BERENGARTUS OF TOURS, a distinguished scholastic theologian, was b. at Tours, in France, 998 A.D. IIis master, Fulbert de Chartres, is reported to have prophesied on his death-bed that Berengarius would prove a dangerous man. In 1030, he was appointed preceptor of the school of St. :Martin, in 'I ours, and in 1040, made archdeacon of Augers. Here he continued to deliver his metaphysico•theological prelections, and drew upon himself the charge of heresy, in reference to the doctrine of transubstantiation. He held the doctrine of Scotus Erigeua, that the bread and wine in the sacrament of the eucharist remained bread and wine, and that the faith of the believer who recognized their symbolic meaning only transformed them subjectively into the body and blood of Christ. This interpretation was condemned by pope Leo IX., 10I9-1030, and also by king IIenry I. of France. In 1054, he retracted his opinion before tha council of Tours, but what Berengarius meant by "retractation" it is not easy to see, for he immediately returned to his conviction, and recommenced the advocacy of it. For this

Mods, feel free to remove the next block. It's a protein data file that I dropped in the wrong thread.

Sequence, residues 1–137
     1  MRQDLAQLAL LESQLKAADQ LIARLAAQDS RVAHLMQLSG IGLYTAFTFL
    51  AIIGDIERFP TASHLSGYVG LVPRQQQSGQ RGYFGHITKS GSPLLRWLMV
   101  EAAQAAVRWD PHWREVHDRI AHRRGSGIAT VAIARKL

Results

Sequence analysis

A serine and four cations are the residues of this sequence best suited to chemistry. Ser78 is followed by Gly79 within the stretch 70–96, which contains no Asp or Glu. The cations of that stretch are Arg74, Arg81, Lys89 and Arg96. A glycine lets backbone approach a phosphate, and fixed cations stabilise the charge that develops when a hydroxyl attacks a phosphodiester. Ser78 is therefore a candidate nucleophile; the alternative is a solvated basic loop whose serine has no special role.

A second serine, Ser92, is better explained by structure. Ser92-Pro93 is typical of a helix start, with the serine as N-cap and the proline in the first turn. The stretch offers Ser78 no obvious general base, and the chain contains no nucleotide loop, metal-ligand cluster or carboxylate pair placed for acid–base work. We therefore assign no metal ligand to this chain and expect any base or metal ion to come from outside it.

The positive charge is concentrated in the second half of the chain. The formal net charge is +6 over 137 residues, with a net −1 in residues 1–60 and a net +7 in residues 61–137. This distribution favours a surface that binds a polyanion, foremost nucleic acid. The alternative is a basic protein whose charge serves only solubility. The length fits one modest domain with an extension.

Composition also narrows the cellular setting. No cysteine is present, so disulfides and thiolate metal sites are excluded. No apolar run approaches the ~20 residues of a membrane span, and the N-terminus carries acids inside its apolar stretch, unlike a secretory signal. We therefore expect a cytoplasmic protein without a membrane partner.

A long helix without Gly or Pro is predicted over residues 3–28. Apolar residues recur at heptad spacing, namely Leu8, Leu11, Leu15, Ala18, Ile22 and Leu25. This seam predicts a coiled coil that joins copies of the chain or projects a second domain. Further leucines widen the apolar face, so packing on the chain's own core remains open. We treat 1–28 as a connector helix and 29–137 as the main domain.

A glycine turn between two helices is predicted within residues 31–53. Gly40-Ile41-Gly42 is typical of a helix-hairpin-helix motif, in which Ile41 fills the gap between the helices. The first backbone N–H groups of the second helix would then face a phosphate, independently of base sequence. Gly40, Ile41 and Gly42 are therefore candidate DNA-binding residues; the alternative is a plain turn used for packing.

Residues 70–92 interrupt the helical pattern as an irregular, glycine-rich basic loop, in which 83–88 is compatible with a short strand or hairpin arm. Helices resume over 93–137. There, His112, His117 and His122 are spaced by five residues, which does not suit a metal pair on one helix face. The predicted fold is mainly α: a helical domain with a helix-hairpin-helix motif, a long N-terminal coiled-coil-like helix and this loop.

he was cited to appear at Rome, where lie repeatedly abjured his "error," but never seems to have really abandoned it. Hildebrand, who was then pope, treated him with great moderation; and at last, when he discovered bow hopeless it was to bind down lierengarins by abjurations or declarations. he conceived it best to let him alone. Harassed and weakened by tlic attacks of the orthodox party, headed by Laufranc of Canterbury, he finally retired to the isle of St. Cosinas, near Tours, in 1080, lie spent the lust years of his life in devotional exercises. He died in 1088. The greater number of his works are lost; such as are extant have been collected and published by the Vischers (Berlin, 1834).